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Pages Available: 12,523,789

Title:
Dresden enterprise and Sharon tribune. : (Dresden, Tenn.) 1907-1997
Alternative Titles:
  • Dresden enterprise
  • Enterprise and Sharon tribune
  • The Dresden enterprise and Sharon tribune
Place of publication:
Dresden, Tenn.
Geographic coverage:
  • Dresden, Weakley, Tennessee  |  View more titles from this: City County, State
Publisher:
J.L. Holbrook
Dates of publication:
1907-1997
Description:
  • 25th year, no. 16 (June 21, 1907)-v. 117, no. 18 (Apr. 30, 1997).
Frequency:
Weekly
Language:
  • English
Subjects:
  • Dresden (Tenn.)--Newspapers.
  • Tennessee--Dresden.--fast--(OCoLC)fst01227063
  • Tennessee--Weakley County.--fast--(OCoLC)fst01210110
  • Weakley County (Tenn.)--Newspapers.
Notes:
  • Archived issues are available in digital format from the Library of Congress Chronicling America online collection.
  • Formed by the union of: Dresden enterprise (Dresden, Tenn. : 1890), and: Sharon tribune.
LCCN:
sn 89058336
OCLC:
19248670
ISSN:
2473-2737
Preceding Titles:
Succeeding Titles:
Related Links:
Holdings:
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Dresden enterprise and Sharon tribune. January 2, 1914, Image 1

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Dresden Enterprise and Sharon Tribune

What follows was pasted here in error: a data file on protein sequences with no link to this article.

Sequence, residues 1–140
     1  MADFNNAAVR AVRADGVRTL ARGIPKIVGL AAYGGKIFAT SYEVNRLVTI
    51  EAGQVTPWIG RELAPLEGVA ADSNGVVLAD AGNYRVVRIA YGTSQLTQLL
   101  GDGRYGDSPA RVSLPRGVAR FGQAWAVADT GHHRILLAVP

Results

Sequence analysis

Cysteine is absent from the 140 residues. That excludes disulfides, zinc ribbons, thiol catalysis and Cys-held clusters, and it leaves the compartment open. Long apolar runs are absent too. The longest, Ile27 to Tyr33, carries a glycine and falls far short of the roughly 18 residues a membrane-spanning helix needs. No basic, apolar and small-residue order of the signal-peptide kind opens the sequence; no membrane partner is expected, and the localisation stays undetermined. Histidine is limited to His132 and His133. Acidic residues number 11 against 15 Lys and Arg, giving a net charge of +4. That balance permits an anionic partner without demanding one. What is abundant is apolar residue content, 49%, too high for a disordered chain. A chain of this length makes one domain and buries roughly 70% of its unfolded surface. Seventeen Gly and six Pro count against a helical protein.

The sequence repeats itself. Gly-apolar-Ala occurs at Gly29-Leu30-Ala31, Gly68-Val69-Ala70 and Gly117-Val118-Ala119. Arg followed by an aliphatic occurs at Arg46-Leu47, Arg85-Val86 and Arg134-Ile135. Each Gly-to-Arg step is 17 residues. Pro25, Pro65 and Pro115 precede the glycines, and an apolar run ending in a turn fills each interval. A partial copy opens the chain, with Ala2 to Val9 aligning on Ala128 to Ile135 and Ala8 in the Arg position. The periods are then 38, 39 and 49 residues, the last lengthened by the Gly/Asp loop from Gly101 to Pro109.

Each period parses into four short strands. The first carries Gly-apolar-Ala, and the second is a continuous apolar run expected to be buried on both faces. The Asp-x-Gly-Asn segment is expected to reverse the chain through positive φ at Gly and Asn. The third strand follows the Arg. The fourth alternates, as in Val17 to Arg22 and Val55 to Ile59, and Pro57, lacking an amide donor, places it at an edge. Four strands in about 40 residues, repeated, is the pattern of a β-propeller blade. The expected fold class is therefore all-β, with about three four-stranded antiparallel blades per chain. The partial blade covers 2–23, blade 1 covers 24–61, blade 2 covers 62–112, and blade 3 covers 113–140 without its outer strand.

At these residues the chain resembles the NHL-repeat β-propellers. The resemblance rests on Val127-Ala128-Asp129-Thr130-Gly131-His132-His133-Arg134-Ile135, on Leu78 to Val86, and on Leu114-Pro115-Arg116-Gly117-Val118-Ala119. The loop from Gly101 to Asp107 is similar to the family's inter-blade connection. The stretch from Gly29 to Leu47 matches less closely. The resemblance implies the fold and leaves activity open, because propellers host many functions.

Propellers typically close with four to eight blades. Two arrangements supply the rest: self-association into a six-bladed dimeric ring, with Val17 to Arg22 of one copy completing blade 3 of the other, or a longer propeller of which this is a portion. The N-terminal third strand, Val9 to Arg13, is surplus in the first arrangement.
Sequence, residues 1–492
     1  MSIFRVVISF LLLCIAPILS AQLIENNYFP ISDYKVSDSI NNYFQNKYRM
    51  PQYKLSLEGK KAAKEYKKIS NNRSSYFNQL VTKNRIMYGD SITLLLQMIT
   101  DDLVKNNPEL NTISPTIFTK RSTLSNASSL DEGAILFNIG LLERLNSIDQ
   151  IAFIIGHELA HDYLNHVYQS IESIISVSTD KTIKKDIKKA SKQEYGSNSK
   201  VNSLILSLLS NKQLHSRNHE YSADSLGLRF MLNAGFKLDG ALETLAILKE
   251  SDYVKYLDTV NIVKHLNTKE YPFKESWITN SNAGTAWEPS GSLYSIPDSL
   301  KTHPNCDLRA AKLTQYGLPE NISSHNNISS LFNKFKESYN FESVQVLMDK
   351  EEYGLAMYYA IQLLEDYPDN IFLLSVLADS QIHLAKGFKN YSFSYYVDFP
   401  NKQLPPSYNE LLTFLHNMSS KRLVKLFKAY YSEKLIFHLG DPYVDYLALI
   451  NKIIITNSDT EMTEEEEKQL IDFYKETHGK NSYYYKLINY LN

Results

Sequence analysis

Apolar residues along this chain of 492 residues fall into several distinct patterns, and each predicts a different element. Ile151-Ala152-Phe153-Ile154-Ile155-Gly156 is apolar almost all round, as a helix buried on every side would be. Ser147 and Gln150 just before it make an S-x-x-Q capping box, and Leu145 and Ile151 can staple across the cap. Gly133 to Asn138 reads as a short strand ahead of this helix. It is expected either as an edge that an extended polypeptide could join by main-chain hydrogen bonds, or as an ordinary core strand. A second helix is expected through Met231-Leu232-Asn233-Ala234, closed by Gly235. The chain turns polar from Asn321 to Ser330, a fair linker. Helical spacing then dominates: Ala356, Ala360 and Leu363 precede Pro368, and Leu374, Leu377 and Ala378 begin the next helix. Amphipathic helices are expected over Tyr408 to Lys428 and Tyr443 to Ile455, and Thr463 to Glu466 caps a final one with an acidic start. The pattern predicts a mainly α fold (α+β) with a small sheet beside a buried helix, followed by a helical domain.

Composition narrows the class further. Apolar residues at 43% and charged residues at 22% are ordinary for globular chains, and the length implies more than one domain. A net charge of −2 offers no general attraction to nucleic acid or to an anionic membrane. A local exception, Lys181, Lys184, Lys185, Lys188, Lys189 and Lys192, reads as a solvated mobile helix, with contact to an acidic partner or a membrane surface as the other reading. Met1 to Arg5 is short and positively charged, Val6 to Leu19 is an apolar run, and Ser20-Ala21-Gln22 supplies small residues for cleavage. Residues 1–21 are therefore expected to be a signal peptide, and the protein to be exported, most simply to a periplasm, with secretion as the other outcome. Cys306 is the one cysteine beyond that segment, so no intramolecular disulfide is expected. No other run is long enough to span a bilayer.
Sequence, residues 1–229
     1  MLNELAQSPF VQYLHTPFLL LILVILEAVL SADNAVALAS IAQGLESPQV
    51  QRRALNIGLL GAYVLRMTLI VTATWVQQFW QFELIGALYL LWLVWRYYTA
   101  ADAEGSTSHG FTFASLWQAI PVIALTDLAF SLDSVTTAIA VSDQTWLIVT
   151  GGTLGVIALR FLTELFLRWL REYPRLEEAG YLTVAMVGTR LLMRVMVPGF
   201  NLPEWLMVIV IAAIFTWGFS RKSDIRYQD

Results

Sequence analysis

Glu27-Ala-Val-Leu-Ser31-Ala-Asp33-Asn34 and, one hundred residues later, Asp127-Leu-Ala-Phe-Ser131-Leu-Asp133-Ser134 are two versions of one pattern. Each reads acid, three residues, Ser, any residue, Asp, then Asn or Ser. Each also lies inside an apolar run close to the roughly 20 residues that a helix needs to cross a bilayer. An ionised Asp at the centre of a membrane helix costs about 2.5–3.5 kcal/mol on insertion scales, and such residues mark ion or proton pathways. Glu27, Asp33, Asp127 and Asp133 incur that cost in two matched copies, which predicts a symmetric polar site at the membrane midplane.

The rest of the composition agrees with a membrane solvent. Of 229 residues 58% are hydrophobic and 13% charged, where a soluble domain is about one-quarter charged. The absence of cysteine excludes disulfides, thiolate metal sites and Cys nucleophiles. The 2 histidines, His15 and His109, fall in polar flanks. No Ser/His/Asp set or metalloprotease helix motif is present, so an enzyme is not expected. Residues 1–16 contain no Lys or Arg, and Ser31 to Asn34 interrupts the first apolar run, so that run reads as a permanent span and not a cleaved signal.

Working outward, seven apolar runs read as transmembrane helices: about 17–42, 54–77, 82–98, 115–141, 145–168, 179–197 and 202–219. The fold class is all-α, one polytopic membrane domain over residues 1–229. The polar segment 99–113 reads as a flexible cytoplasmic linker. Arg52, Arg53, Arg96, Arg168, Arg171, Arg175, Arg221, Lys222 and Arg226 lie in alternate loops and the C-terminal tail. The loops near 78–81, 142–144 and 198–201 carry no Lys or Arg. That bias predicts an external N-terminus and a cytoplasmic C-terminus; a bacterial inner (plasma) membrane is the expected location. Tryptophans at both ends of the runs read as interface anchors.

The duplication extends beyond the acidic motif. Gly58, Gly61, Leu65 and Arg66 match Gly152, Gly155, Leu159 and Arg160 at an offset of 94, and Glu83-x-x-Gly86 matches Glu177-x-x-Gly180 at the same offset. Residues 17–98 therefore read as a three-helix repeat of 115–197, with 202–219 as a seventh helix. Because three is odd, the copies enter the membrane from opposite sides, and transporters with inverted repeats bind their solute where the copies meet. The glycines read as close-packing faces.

In 1883, Robert Lewis established the Enterprise in Dresden, Tennessee, to fill the void left after the closing of the Dresden Weekly Democrat, which had served the locality since 1876. Lewis had worked for newspapers in Chattanooga, Atlanta, and Nashville before settling into Dresden, located in Weakley County, an agricultural region which became home to the University of Tennessee-Martin in 1927. Below a masthead that acknowledged that "The World Moves," the Enterprise brought local news each Friday for an annual subscription rate of $2.50 to Weakley County, an area with a rich newspaper history dating to the establishment of the Tennessee Patriot by James Leigh in 1838.

Addie Cardwell Lewis, Robert's wife, had an active role in the publication of the Enterprise and later took over operations after her husband's death in 1895. Although women had been participating in the operation of family newspapers since the colonial era, it was rare for a woman to be listed as the editor-publisher at this time. Under her leadership, the Enterprise increased advertising, editorial columns, and readership. Operating in a county of nearly 30,000 residents at the turn of the century, Lewis used the paper as a platform for the women's and temperance movements. Joe L. Holbrook worked with Addie Lewis and, in 1901, he purchased the paper, which had since changed its name to the Dresden Enterprise. Holbrook operated the Enterprise for more than 40 years. Finis J. Garrett was co-editor for a short time; he was later elected to U.S. Congress as a Democrat and served for 24 years. Holbrook printed "hard" news on the front page and local news within the first four pages of the newspaper, relegating advertising to the final pages. In 1907, the Dresden Enterprise merged with the Sharon Tribune to form the Dresden Enterprise and Sharon Tribune. After 1945, a series of editors and owners worked with the Enterprise, including J. Frank Barlow, who converted the newspaper from letterpress to offset printing, and brothers Fred, Roy, and Alfred "Red" Burroughs. Since 1997, the paper has been known as the Dresden Enterprise, and in the 21st century is published online.

Provided by: University of Tennessee